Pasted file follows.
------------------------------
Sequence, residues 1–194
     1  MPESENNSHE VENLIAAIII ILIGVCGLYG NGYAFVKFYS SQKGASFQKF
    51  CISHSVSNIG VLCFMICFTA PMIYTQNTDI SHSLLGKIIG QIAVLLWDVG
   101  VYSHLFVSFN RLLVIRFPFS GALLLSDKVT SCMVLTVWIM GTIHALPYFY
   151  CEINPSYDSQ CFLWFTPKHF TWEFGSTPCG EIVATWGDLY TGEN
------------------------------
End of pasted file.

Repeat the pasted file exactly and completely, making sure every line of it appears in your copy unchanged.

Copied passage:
Sequence, residues 1–194
     1  MPESENNSHE VENLIAAIII ILIGVCGLYG NGYAFVKFYS SQKGASFQKF
    51  CISHSVSNIG VLCFMICFTA PMIYTQNTDI SHSLLGKIIG QIAVLLWDVG
   101  VYSHLFVSFN RLLVIRFPFS GALLLSDKVT SCMVLTVWIM GTIHALPYFY
   151  CEINPSYDSQ CFLWFTPKHF TWEFGSTPCG EIVATWGDLY TGEN